The Serpent and the Rainbow (Wes Craven, 1988, USA)

The Serpent and the Rainbow, released in 1988, is positioned in Wes Craven's middle period between the immense success of A Nightmare on Elm Street (1984) and Scream (1996). While the horror auteur is best remembered for those two films, some of his middle-period works often go unrecognized. We previously reviewed Craven's underrated 1991 film The People Under the Stairs on this blog, and The Serpent and the Rainbow also fit into that category. The film is based on a 1985 non-fiction book by anthropologist Wade Davis, who spent time researching the scientific fact behind Haitian Vodou and zombies.

Davis originally intended the book to be adapted by Peter Weir and starring Mel Gibson. And there is something adventurous about the film - despite the gore and horror (and there is much of it), at its core, The Serpent and the Rainbow is closer to Indiana Jones or Romancing the Stone. Bill Pullman, playing Dr. Dennis Alan, is the stand-in for the Wade Davis character, who finds himself pulled into the underworld of Haiti while investigating tetrodotoxin, the "zombie powder" produced from puffer fish. Cathy Tyson plays his love interest, Dr. Marielle Duchamp, while the memorable South African character actor Zakes Mokae plays his main adversary - Dargent Peytraud.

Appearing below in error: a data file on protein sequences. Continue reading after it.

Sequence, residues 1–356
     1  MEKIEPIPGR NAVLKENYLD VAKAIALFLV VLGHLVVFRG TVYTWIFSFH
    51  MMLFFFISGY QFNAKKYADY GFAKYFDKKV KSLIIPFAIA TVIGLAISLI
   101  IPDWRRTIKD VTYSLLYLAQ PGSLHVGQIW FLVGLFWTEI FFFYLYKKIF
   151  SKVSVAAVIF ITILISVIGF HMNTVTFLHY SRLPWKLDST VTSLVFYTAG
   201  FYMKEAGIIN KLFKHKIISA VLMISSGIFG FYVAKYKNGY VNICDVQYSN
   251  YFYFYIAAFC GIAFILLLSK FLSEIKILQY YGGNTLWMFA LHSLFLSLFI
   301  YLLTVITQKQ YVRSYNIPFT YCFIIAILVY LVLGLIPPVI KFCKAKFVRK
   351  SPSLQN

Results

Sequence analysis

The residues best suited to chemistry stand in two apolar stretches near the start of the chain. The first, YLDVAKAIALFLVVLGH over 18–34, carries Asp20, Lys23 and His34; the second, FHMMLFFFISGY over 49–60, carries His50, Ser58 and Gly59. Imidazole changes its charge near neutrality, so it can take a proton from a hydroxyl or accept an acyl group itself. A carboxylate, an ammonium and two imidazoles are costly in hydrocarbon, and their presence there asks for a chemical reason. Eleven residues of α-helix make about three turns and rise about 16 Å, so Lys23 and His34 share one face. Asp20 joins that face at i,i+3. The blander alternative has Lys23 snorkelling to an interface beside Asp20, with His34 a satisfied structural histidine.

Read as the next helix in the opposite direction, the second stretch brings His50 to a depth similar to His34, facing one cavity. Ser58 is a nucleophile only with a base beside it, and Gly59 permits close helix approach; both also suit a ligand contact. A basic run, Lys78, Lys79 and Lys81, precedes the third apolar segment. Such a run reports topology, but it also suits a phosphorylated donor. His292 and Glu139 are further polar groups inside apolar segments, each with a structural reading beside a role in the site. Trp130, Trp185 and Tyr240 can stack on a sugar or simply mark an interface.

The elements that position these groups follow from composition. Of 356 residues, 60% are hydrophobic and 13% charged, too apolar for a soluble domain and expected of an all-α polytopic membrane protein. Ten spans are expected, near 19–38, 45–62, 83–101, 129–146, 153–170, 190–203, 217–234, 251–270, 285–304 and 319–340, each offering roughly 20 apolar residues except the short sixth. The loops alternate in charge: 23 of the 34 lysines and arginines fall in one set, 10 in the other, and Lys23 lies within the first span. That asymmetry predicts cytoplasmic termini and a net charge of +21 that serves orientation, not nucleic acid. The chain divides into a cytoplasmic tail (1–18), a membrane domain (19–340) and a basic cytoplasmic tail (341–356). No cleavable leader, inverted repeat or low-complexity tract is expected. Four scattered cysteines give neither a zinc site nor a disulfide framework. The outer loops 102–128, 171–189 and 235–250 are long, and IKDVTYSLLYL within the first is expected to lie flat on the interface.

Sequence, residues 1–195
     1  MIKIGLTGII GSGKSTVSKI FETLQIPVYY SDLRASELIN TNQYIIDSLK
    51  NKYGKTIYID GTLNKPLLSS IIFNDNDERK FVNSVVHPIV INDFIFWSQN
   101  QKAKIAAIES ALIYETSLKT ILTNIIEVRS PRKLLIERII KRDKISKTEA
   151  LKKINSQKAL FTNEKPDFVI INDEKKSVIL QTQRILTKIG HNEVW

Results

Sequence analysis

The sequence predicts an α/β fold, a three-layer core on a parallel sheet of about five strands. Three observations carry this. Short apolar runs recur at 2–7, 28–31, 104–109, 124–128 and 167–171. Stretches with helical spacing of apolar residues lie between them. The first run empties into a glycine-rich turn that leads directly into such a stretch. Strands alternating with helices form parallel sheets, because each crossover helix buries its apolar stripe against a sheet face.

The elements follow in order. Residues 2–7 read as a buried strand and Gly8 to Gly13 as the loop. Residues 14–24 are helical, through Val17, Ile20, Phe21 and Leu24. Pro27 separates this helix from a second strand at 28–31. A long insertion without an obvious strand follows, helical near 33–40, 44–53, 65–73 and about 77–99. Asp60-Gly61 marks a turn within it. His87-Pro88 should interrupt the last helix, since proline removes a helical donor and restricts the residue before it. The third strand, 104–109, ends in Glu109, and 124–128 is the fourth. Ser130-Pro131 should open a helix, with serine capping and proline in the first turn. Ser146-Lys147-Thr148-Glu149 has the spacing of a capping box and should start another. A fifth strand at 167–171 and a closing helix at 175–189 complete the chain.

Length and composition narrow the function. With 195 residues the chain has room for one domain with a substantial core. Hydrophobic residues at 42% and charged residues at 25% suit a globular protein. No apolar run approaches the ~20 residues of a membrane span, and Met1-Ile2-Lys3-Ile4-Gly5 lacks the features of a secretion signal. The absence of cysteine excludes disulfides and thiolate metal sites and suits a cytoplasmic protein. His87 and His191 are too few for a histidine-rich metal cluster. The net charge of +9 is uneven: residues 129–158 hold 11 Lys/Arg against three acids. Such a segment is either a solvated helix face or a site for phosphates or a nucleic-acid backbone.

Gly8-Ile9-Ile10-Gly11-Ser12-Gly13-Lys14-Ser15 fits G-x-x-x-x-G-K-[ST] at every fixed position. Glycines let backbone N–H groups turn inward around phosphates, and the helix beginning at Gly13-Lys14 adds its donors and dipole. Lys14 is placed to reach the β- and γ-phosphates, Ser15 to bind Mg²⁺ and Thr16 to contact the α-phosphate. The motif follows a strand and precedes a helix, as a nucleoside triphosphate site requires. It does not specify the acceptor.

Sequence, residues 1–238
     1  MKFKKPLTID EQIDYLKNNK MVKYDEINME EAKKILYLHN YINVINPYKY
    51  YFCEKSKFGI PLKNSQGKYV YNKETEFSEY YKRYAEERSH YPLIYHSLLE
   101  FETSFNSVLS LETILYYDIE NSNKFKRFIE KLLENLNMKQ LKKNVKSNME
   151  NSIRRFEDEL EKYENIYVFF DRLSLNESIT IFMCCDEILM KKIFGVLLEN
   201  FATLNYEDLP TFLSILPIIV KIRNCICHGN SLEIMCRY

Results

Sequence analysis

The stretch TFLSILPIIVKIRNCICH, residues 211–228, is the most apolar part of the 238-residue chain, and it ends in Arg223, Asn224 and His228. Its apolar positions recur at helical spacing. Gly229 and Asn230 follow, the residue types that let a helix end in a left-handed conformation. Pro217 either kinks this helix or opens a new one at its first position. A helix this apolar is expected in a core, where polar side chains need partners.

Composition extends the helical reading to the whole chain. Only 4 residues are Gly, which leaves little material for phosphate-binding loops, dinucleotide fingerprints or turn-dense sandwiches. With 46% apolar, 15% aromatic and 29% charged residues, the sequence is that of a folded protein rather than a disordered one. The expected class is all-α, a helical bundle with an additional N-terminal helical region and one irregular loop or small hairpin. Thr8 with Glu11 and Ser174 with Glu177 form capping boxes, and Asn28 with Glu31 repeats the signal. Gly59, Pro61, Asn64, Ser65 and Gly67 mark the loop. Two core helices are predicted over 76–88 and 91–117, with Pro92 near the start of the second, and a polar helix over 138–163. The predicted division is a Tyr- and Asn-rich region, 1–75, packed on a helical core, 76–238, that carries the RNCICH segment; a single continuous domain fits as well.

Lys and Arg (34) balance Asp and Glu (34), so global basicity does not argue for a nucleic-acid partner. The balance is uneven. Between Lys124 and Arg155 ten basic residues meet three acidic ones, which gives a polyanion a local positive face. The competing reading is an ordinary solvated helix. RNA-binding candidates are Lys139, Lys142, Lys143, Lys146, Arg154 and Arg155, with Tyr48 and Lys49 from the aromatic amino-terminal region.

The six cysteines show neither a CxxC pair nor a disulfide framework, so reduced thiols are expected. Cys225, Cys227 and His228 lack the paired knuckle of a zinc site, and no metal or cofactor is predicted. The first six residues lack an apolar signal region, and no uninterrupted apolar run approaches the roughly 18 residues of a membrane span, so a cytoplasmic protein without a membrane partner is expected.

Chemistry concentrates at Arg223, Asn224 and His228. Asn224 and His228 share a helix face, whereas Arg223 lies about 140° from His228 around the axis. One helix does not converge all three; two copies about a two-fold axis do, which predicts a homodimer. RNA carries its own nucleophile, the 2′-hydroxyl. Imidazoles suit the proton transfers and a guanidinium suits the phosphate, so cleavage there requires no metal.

While Serpent in narrative has more the character of a procedural crime thriller than many of Craven's other films, where it succeeds is in its visuals. The film, which was shot in both Haiti and the Dominican Republic, is a visual feast. One almost feels like they are there on site, with the colors on the screen popping. There is respect here for the local traditions that you don't often find in horror movies, and for that, Wes Craven and his team should be appreciated. Brad Fiedel's pulsing electronic score is also worth noting.



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